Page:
LiveCode 23 Matches

Posted by Scott McDonald

Another simple game. 23 Matches is a completely unoriginal classic game. There is a row of matches. You and another player, here you play against the CPU, take turns at removing 1, 2 or 3 matches from the end at the right. Your goal is to get to a position where at the end of your turn only one match remains. You do this because the player who is forced to take the last match is the loser. So if there is only 1 match left at the start of the CPU's turn you win! You will need to play smart because the CPU plays to win, some of the time.

In this game you will see:

  • A turn based game without a game loop
  • Object names used to simplify coding
  • How to autonomously move an image with a single line code
  • Images you can click and drag around the screen

Further below is the complete StartGame handler. This handler is called from the openCard handler and when the Play Again button is clicked. There are only 5 local variables on the card so this handler is quite short.

The sSmartCPU variable keeps track of whether the CPU player is going to play to win, or in a random way. When sSmartCPU is true, the algorithm used for the CPU player is optimal where (unless you are careful) it will win. When sSmartCPU is false, the CPU player takes a random number of matches each turn, and it can only win by luck.

The line:

put not sSmartCPU into sSmartCPU

means the CPU alternates between smart and random each time you play. This gives you a fighting chance of winning every second game. We don't want you to get too discouraged by making the CPU too smart. Who wants to play against a computer who wins every time? Boring.

Next a few variables are initialised so the human player goes first, 23 matches are visible, and none taken away.

Then a loop lines up the matches in neat row. Each match is a PNG image that was added to the card with the Import As Control, Image File command in the File menu. Actually, this command wasn't used for all the matches. After using it a few times, realising there must be a better way, the Import As Control, All Images in Folder command was used instead. After putting the remaining image files into a folder of their own, this command made the process too easy.

The images were created by taking a photo of actual matches on a black background and then using a bitmap image editor to remove the background. The surrounds were left transparent and each match was cut and copied into a separate PNG image file 25 by 100 pixels in size. Each image is larger than the actual match to make it easier to click and drag later in the game. The PNG image format allows transparency in the bitmap. You can also use the GIF format if you like. The images were named Match1.png, Match2.png, Match3.png and so on.

Using a row of real match images gives the game some class, and not repeating the same image 23 times helps make an otherwise simple game a little more impressive. After creating the 23 image controls, the .png extension was removed from the name of each control in the LiveCode Property Inspector.

This work and preparation with the images makes the loop to lay out the matches in a line a simple piece of code. Each image is made visible because after a game all the matches are invisible after being dragged off the "table". The table is another photo that has been suitably sized in a bitmap editor and imported as a control and then put behind the matches with the Send to back command in the Object menu.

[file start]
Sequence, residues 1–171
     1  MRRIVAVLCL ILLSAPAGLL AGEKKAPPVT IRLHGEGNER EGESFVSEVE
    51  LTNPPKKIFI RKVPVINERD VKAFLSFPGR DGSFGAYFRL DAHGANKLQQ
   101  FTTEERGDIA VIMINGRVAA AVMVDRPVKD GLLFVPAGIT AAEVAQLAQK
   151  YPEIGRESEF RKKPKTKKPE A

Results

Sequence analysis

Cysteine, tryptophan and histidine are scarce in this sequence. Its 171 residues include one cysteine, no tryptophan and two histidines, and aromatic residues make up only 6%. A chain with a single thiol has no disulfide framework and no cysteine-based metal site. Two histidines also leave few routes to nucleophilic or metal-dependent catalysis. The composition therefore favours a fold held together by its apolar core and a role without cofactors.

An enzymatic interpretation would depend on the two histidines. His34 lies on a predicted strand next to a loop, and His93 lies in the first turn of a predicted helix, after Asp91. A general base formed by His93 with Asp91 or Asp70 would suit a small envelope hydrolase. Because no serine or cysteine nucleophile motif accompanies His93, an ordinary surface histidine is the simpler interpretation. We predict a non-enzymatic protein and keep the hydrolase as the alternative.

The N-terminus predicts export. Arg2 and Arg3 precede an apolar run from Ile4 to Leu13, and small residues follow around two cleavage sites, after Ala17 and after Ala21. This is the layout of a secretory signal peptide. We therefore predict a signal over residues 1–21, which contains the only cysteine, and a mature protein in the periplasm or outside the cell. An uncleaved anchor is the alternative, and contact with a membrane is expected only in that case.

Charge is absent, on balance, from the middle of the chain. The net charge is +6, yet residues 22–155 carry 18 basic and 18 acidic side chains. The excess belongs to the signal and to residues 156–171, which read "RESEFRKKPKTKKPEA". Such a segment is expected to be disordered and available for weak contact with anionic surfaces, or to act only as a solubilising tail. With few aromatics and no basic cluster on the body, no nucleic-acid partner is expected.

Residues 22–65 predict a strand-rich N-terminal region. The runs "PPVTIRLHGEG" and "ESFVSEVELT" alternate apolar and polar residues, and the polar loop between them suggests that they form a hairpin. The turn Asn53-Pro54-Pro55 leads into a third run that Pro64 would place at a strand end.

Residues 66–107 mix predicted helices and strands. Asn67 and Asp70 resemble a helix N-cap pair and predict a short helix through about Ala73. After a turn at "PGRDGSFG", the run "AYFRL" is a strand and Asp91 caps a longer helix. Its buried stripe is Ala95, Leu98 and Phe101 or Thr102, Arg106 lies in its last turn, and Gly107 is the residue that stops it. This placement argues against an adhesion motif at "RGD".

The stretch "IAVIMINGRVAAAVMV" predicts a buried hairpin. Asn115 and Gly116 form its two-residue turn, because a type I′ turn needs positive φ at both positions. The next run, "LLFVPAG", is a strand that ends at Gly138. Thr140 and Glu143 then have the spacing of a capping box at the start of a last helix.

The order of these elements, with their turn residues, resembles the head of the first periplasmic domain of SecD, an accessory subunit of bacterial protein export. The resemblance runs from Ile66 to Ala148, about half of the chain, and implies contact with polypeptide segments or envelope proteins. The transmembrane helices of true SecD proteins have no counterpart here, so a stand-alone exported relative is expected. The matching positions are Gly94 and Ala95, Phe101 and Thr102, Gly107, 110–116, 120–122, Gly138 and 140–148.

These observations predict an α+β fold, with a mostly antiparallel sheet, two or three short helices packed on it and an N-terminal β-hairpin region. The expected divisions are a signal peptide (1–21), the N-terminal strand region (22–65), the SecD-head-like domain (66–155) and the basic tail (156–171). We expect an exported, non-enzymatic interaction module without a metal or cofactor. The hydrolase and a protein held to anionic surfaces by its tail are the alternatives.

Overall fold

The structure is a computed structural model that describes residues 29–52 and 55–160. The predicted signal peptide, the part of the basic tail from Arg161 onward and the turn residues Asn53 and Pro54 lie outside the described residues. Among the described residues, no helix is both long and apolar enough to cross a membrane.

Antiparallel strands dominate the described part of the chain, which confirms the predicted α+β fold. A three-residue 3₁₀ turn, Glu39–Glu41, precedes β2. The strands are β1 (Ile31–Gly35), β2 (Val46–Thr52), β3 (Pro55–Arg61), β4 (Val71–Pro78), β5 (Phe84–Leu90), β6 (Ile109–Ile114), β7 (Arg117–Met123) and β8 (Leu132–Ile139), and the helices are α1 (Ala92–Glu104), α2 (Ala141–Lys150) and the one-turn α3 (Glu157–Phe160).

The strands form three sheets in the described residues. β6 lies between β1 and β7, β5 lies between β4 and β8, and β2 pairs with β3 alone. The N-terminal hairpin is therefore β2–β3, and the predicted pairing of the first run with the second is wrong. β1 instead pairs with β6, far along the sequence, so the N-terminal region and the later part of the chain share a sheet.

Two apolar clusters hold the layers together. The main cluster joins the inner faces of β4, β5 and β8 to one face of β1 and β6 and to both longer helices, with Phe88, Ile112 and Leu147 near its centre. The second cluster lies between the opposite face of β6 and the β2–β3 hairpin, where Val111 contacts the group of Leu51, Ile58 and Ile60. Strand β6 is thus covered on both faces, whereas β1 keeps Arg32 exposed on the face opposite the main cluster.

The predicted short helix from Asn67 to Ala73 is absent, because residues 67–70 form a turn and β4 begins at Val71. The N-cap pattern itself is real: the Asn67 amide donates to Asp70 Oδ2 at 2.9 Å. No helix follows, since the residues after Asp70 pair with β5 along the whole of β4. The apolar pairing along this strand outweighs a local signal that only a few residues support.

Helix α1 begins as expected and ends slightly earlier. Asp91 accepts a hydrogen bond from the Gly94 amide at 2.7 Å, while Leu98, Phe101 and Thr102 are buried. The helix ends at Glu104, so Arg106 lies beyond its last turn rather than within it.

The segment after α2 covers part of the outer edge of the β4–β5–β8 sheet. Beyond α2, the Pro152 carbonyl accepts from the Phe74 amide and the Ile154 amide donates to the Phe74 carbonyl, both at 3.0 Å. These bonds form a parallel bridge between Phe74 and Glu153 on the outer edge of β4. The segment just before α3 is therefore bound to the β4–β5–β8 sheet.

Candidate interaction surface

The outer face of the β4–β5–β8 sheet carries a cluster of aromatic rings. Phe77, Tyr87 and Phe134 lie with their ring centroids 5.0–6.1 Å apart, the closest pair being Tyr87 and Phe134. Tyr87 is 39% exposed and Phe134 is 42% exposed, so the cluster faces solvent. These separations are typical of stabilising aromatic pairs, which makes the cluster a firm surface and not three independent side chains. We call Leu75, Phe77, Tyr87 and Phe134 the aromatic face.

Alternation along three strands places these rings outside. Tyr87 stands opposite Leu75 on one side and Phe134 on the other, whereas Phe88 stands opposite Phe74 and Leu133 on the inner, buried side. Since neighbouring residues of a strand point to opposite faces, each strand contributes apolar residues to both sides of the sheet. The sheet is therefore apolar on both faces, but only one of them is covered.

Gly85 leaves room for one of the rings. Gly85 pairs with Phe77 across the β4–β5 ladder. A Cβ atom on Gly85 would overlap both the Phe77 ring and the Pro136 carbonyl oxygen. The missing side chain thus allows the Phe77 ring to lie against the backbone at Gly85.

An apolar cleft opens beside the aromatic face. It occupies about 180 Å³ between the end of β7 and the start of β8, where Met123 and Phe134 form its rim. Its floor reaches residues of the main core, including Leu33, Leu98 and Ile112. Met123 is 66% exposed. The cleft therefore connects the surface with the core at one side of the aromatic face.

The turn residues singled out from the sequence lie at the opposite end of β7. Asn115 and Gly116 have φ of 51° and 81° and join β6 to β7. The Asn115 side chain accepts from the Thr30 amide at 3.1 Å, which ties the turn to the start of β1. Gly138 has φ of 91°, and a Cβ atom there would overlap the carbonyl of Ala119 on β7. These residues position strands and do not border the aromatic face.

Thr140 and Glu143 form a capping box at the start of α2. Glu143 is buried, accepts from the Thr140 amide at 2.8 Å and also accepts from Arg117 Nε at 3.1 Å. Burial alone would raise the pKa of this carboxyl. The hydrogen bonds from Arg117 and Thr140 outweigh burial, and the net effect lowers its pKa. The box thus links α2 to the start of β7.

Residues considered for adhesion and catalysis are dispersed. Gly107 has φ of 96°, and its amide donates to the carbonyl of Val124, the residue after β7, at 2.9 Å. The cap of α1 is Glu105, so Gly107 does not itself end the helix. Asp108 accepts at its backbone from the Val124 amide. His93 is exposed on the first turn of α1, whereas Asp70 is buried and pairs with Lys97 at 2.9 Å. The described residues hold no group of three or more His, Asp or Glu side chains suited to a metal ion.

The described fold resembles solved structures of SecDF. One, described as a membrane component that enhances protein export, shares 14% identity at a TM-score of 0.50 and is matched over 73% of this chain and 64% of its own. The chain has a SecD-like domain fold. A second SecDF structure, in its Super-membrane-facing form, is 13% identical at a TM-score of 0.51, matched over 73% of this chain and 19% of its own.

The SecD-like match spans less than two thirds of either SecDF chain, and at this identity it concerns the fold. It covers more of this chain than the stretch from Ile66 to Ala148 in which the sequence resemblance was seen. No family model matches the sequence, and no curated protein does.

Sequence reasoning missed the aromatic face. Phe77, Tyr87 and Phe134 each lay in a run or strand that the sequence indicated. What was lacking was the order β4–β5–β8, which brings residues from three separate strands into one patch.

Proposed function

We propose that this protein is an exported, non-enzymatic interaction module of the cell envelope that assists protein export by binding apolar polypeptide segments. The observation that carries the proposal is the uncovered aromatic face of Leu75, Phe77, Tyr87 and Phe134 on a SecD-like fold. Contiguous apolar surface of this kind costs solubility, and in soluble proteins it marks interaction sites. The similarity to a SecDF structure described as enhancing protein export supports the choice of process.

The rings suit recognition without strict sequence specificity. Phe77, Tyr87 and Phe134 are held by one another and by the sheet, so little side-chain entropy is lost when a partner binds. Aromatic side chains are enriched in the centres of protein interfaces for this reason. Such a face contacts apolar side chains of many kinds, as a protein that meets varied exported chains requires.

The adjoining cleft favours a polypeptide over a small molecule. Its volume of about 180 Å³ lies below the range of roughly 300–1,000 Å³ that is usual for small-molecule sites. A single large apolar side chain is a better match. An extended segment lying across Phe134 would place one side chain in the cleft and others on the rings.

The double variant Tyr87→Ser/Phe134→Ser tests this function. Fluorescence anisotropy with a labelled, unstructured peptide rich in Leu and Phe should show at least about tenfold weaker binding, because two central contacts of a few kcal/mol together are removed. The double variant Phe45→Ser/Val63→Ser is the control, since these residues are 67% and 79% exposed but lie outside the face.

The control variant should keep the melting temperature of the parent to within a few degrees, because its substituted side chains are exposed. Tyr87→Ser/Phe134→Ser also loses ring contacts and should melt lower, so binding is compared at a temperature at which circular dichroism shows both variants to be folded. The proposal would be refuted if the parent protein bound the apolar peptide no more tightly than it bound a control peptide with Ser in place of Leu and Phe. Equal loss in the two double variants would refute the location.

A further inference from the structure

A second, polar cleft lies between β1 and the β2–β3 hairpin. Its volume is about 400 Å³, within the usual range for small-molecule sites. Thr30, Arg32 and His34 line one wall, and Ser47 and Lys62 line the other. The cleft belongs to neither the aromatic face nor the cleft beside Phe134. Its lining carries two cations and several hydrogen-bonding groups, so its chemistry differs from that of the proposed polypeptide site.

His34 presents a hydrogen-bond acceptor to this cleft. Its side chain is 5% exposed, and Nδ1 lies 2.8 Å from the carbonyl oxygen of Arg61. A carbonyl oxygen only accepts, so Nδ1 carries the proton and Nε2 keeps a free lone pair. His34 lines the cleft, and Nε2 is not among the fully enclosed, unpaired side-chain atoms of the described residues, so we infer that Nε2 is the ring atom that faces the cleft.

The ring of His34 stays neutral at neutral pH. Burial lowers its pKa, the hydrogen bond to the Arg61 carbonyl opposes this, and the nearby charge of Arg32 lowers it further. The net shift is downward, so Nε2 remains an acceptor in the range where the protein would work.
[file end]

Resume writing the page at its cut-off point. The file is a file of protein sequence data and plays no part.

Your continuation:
Lastly, the two buttons are disabled and UpdateView is called to display the status below the table.

command StartGame
  local x
  put not sSmartCPU into sSmartCPU
  put empty into sMatchToDrag
  put true into sYourTurn
  put 23 into sNumberOfVisibleMatches
  put 0 into sRemoveCount
  put 100 into x
  repeat with loopMatchNumber = 1 to sNumberOfVisibleMatches
    set the loc of image ("Match" & loopMatchNumber) to x,280
    add 25 to x
    show image ("Match" & loopMatchNumber)
  end repeat
  disable button "butnPlayAgain"
  disable button "butnFinishTurn"
  UpdateView
end StartGame

UpdateView has a few conditional statements that update the status indicating whose turn it is, and the number of matches that are left. An interesting part of this handler is the enabling and disabling of the Play Again and Finished Turn buttons.

In the first version of LiveCode 23 Matches, the buttons were never disabled. This meant that if a button was clicked at the wrong time, for example, a click on Finished Turn before taking any matches, required a message saying in effect, "You can't do that." That was fine, but depending on the game, it is better to prevent a player from being able to do an invalid action. Instead of allowing the action and then saying don't do that. Also not allowing invalid actions can make for easier programming because you no longer need to consider and handle events that shouldn't happen anyway. Hence the enabling and disabling of the buttons.

command UpdateView
  if sYourTurn then
    if sNumberOfVisibleMatches = 1 then
      enable button "butnPlayAgain"
      put "Game Over. I WIN!" into field "labeTurn"
    else
      put "Your turn. " & RemainingMatches(sNumberOfVisibleMatches) into field "labeTurn"
    end if
  else
    if sNumberOfVisibleMatches < 1 then
      enable button "butnPlayAgain"
      put "Game Over. You WIN. Do you want to play again to give me a chance to show how smart I am?" into field "labeTurn"
    else
      put "My turn." into field "labeTurn"
    end if
    disable button "butnFinishTurn"
    put 0 into sRemoveCount
  end if
end UpdateView

The FinishedTurn handler is called by the button "butnFinishTurn" object. It ends your turn and then calls ProcessAI for the CPU to have a go.

command FinishTurn
  put false into sYourTurn
  UpdateView
  ProcessAI
end FinishTurn

When the CPU is playing a smart game, a simple mathematical formula using the mod operator sets the best number of matches to take. I won't explain how it works. If you want to understand the details, but a careful search on Google may reveal the answer.

If the CPU is not playing smart, then a random number of matches are taken. Always taking at most one less than the number of visible matches if there are less than 4. You don't want the CPU to lose by taking the last match during it's own turn!